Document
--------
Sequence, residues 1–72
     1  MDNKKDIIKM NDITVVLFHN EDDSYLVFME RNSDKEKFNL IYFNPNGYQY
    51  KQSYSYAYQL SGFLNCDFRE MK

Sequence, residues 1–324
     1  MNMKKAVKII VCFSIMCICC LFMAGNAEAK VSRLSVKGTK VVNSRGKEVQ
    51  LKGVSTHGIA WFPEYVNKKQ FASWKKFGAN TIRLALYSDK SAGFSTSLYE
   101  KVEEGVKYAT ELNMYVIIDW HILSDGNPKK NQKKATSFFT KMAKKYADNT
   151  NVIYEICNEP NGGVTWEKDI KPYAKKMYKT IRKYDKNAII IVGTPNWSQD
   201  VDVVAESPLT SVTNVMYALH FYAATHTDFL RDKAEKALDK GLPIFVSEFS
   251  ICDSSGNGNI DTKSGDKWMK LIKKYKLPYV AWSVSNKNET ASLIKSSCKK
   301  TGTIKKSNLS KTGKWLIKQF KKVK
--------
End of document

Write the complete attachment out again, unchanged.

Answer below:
Sequence, residues 1–72
     1  MDNKKDIIKM NDITVVLFHN EDDSYLVFME RNSDKEKFNL IYFNPNGYQY
    51  KQSYSYAYQL SGFLNCDFRE MK

Sequence, residues 1–324
     1  MNMKKAVKII VCFSIMCICC LFMAGNAEAK VSRLSVKGTK VVNSRGKEVQ
    51  LKGVSTHGIA WFPEYVNKKQ FASWKKFGAN TIRLALYSDK SAGFSTSLYE
   101  KVEEGVKYAT ELNMYVIIDW HILSDGNPKK NQKKATSFFT KMAKKYADNT
   151  NVIYEICNEP NGGVTWEKDI KPYAKKMYKT IRKYDKNAII IVGTPNWSQD
   201  VDVVAESPLT SVTNVMYALH FYAATHTDFL RDKAEKALDK GLPIFVSEFS
   251  ICDSSGNGNI DTKSGDKWMK LIKKYKLPYV AWSVSNKNET ASLIKSSCKK
   301  TGTIKKSNLS KTGKWLIKQF KKVK